Today the 14-acre garden includes the large front lawn, surrounded by mature oaks, Morton Bay figs, Monterey cypress and elm trees, a lake, the fernery, the flower gardens and grotto. 80% of the watering needed is still served by the original engineering done by Fredrick Sargood.
The family home filled with eleven children was designed by a prominent architectural firm known at the time in Melbourne. The polychrome brick exterior of red, cream and brown colors, created a patterned emphasis of the architecture. A conservatory attached to the home held a collection of orchids and exotic plants.
The iron framed shade house or “fernery,” where Miss Fisher finds the murder weapon, was a great point of pride in Victorian gardens. Victorians were fascinated to the point of mania with ferns. Built to house an enormous collection of ferns and palms from all over the world, it is complete with a trickling stream flowing alongside walking paths and benches where one could relax in the cool air and admire the exotic plants.
Historic homes and gardens exist today through the hard work of volunteers and foundations committed to saving this glimpse of the past. As a background for movie sets, or lavish events we see a style of life from another time. Bridging the sometimes unsettling opulence such properties represent with the pragmatic thinking of today are the words of Richard Heathcote in his essay Solid Joys and Lasting Treasure: families and gardens “More than their wealth, success or high office, the families who owned Rippon Lea valued their garden for the solid joys it gave them…Today, the amenities offered by a typical garden are still greatly valued: a safe place for children to play, somewhere to dry the washing, a plot for vegetables and a flower garden that adds colour and produces blooms for the home. Today as then, the scale differs but the experience of owning a garden – with its balance of utility and ornament – is essentially the same.”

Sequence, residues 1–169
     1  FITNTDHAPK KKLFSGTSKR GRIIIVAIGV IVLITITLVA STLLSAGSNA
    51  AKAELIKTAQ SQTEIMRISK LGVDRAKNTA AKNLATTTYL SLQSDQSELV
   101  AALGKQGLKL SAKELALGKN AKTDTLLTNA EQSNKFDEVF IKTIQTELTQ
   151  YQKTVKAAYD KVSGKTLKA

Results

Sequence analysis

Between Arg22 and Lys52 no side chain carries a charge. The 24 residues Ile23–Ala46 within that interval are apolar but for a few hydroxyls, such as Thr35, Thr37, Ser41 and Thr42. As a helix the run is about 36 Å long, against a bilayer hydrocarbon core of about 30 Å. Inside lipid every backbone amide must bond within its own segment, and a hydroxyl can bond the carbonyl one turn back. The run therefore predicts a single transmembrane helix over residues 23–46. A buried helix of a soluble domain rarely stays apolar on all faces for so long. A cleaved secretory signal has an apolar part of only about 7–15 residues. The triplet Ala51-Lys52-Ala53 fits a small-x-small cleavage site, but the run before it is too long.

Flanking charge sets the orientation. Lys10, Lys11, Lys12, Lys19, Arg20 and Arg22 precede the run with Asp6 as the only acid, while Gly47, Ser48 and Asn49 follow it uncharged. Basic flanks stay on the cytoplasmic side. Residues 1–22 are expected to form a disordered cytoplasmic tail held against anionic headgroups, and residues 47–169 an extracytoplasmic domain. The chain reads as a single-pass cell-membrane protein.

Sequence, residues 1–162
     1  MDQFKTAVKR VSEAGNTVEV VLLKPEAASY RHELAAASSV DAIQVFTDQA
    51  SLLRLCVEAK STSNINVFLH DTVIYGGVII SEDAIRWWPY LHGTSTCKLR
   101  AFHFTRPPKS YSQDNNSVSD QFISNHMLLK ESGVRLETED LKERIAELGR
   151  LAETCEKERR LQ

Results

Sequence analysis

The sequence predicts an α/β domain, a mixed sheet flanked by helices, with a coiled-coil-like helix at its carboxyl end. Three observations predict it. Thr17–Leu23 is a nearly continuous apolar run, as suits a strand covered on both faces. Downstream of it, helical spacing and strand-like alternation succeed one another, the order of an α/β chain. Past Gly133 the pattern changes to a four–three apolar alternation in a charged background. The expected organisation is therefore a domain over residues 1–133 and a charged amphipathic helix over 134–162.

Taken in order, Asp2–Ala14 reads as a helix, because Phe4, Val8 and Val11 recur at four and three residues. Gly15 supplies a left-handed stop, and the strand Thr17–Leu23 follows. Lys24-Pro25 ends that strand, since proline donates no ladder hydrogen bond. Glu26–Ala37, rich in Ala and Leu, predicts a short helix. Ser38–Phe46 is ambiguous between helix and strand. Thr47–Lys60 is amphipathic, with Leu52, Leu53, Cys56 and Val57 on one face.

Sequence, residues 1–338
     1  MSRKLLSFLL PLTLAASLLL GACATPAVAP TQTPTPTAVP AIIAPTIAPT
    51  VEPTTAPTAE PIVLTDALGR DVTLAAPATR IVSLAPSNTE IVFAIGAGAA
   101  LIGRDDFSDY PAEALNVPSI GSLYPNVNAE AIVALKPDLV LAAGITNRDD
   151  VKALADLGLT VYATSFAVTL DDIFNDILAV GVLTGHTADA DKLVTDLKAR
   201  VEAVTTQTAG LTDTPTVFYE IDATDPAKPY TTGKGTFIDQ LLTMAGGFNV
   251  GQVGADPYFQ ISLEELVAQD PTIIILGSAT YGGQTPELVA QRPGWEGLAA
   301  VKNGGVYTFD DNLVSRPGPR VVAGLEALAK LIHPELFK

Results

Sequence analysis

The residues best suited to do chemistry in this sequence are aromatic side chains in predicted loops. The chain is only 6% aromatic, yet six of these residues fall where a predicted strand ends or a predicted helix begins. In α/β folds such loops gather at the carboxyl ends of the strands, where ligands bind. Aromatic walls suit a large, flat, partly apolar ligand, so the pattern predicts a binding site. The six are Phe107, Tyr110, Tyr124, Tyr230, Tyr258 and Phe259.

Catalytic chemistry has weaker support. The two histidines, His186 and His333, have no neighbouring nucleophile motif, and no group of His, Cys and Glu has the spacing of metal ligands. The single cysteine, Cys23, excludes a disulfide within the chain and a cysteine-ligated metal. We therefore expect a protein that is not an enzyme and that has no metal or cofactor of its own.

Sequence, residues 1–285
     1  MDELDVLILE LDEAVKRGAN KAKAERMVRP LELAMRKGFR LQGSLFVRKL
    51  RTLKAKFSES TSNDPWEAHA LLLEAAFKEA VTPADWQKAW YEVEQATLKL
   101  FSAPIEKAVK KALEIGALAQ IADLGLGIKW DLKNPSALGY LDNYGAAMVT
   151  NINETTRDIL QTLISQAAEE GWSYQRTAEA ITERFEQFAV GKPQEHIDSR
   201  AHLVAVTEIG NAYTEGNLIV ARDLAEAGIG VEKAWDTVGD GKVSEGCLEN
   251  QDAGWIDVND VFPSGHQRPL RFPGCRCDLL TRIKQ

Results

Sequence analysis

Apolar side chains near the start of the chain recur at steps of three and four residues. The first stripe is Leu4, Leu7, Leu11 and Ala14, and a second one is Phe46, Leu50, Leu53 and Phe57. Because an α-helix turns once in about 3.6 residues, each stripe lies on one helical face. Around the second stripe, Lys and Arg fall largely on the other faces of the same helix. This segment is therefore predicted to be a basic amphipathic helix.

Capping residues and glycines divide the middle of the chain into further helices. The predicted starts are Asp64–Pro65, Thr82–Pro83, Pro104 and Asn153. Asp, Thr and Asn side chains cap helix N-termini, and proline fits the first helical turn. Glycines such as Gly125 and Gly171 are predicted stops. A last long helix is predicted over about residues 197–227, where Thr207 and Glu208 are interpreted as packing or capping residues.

Rippon Lea adds context to Miss Fisher’s Murder Mysteries now broadcast in 120 countries. The series was such a hit in Australia there was a fashion exhibition with a particular emphasis on Miss Fisher art deco wardrobe fashions at Rippon Lea.
If a trip to Australia isn’t on your calendar this year, catch a glimpse of Miss Fischer’s Murder Mysteries here at home on PBS or Netflix. The series is entertaining and the settings are an Australian national treasure.
P.S. By chance I was watching Chef’s Table featuring the story of Chef Ben Shewry and his Melbourne, Australia restaurant Attica. Shewry’s Attica ranks #33 in the World’s Best 50 restaurants and it is within a two minute walk of the Rippon Lea Estate. So close in fact that Ben approached the gardeners at Rippon Lea with a proposal to make cider from some of the 150 heritage varieties of apple trees on the estate. From that venture Ben worked out an arrangement with the National Trust of Australia to reestablish a 4300 sq ft vegetable garden on the grounds. So in keeping with Fredrick Sargood the idea of locally sourced ingredients continues today. The garden is so important to Attica that a chef is assigned to work there for four hours a day to harvest and nurture the garden in order to provide all herbs and greens for the kitchen.
I was struck by this innovative collaboration between the estate, the National Trust and Chef Shewry. Shewry is a native of New Zealand and in the program he recalls the the importance of growing food and deep connection to the land from his childhood. Does it seem the more things change the more they remain the same? Gardening it is what’s for lunch.